Androulakis Says Mitsotakis Playing for Time Over Spyware Scandal

ATHENS – PASOK Socialist leader Nikos Androulakis, whose cell phone was bugged by Greece’s National Intelligence Service (EYP) didn’t accept Prime Minister Kyriakos Mitsotakis denying he knew about it and said the government was trying to deflect the scandal.

Androulakis, also a Member of the European Parliament, said that Mitsotakis – who took to addressing the nation over the hot button issue – had “methodically avoided providing explanations,” media reports said.

Greece’s data privacy agency said it couldn’t detect any attempt to infect his phone with spyware or have his conversations monitored but Androulakis said the European Parliament’s research lab said an attempt was made to install Predator spyware in September, 2021.

He didn’t click on an attachment that would have opened it, the attempt coming three months before he took over the dormant center-left Movement for Change (KINAL) and resurrected its popularity.

“The Predator spyware was used to tap into my phone, while only a few days earlier I had been placed under surveillance by EYP,” Androulakis stated, adding that, “We would not have been aware of these dark practices had it not been for the European Parliament’s official report.”

EYP said it was done at the request of the intelligence agencies of Armenia and Ukraine, anxious to learn about his role on a European Parliament committee about trade with China but the Ambassadors of those countries denied it.

“The fairy tales about the supposed involvement of Armenia and Ukraine in my surveillance were debunked by their respective embassies in the most official and humiliating way for you,” Androulakis said about Mitsotakis.

Androulakis said he wants “(the) reason why I was under surveillance by EYP be announced forthright,” and said while Mitsotakis pointed out it was lawful, the PASOK leader said it was “in violation of the privacy of my communications as an MEP and candidate leader for PASOK-Movement for Change.”

“I will not accept any cover up, the clock is ticking against him,” Androulakis said, adding that Mitsotakis had attempted to “trivialize a key case for the separation of powers in our country,” the reports said.

He said it wasn’t personal but “a matter of democracy. It pertains to the anxiety of every citizen to want to live and raise their children in justice and absolute respect for human rights. I will continue the fight so that the justice system, the Greek Parliament and the European institutions bring the entire truth to light.”


PASOK is the country’s third-largest political party and was for decades the main political rival of New Democracy although the former Socialist leader Evangelos Venizelos brought into a coalition as a junior partner serving the Conservatives.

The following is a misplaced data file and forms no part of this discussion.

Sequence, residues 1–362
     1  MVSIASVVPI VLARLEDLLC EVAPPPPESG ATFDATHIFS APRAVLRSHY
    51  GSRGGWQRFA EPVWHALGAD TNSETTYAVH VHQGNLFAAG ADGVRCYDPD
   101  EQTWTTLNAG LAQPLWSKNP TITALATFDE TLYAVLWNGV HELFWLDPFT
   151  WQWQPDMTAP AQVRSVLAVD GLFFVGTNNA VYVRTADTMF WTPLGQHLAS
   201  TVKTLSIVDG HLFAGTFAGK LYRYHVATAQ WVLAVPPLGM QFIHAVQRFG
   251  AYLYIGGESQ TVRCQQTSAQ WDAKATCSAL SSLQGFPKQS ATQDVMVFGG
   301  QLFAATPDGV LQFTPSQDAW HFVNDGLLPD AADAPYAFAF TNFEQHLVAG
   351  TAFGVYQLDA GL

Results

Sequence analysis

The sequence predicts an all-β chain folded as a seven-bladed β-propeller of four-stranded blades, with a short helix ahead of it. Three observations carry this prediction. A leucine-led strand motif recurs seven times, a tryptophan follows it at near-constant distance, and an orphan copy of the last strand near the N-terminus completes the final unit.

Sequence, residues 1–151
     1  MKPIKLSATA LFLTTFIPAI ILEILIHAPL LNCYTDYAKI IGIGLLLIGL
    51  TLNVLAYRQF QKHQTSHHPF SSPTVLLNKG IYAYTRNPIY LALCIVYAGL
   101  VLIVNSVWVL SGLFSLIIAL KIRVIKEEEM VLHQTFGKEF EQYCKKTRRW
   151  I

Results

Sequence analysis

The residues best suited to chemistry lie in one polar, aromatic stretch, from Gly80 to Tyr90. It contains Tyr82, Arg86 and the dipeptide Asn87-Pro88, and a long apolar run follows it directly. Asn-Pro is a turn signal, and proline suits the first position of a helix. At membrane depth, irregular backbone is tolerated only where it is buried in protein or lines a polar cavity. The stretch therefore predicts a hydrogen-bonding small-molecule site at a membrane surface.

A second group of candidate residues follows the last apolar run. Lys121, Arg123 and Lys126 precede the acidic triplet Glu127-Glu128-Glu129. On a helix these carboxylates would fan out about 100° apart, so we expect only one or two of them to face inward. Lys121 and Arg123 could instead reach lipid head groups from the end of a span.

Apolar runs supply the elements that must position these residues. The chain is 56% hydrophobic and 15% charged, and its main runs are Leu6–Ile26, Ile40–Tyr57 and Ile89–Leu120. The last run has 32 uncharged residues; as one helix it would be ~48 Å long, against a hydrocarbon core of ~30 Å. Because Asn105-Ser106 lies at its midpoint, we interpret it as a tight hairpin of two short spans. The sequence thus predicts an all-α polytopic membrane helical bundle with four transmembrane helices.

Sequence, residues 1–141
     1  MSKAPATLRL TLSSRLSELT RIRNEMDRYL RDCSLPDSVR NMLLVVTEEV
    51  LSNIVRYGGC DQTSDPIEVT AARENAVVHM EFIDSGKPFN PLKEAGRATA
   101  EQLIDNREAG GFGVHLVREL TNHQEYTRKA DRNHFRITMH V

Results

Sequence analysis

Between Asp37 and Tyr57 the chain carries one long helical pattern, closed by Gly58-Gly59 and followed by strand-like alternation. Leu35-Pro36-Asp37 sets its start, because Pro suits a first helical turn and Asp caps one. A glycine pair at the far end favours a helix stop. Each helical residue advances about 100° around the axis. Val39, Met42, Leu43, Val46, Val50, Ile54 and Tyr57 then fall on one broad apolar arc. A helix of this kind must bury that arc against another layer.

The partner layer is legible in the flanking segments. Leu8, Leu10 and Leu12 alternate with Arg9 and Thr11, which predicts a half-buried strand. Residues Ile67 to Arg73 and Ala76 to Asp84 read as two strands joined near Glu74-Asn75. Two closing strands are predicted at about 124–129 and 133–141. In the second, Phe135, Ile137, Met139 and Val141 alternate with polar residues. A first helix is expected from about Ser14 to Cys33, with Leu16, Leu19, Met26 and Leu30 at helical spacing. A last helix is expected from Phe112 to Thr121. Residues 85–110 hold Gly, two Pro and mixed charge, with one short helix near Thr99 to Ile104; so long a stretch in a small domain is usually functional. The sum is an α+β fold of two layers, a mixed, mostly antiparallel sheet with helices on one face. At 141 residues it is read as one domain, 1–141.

Androulakis filed a complaint with prosecutors at Greece’s Supreme Court on July 26 saying there had been an attempt to bug his cellphone with the Predator that’s made by a company in North Macedonia.

The scandal led to former EYP chief Panagiotis Kontoleon and the Prime Minister’s General-Secretary – his nephew – Grigoris Dimitriadis resigning under pressure, seen as an attempt to take the heat off Mitsotakis.

Earlier, Mitsotakis said in his address to the country that, “What took place may have been lawful but it was a mistake. I did not know and obviously I would have never allowed it.”

The major opposition SYRIZA laid into him and asked why the wiretapping of Androulakis was seen as being “in the national interest” as EYP claimed when it got his phone provider, WIND,  to lift his phone secrecy.

Government spokesman Giannis Oikonomou said that Androulakis was offered briefings but had refused to learn why his phone was legally tapped even though Mitsotakis said it was wrong.

“Apart from the investigative committee and Parliament’s Institutions and Transparency Committee, which will also deal with the issue, Mr. Androulakis can always address and receive answers, in the proper institutional manner, from the competent authorities. He has persistently rejected that option as well,” Oikonomou added, apparently trying to put the onus on him.

“The monitoring of Mr Androulakis’ phone is something that should not have happened politically, but its legality is not in doubt. If Mr. Androulakis and all those who pretend to doubt the legality wish to confirm that, all they need to do is refer to Law 2225/1994. There they will find everything about the legal surveillance for national security reasons that exclude no one from their scope,” said Oikonomou.

EYP earlier put Predator on the phone of financial reporter Thanassis Koukakis, but Mitsotakis – who has seen Greece fallen to the bottom of European media freedom rankings under him – didn’t talk about it.

The Committee to Protect Journalists had called for a “swift and thorough investigation … (to) determine who orchestrated that monitoring, and hold them to account,” for monitoring Koukakis but didn’t get it.

The government has denied it uses Predator software although EYP said it did and the chief reports directly to Mitsotakis, but in this case the Premier said that didn’t happen and he knew nothing about it.


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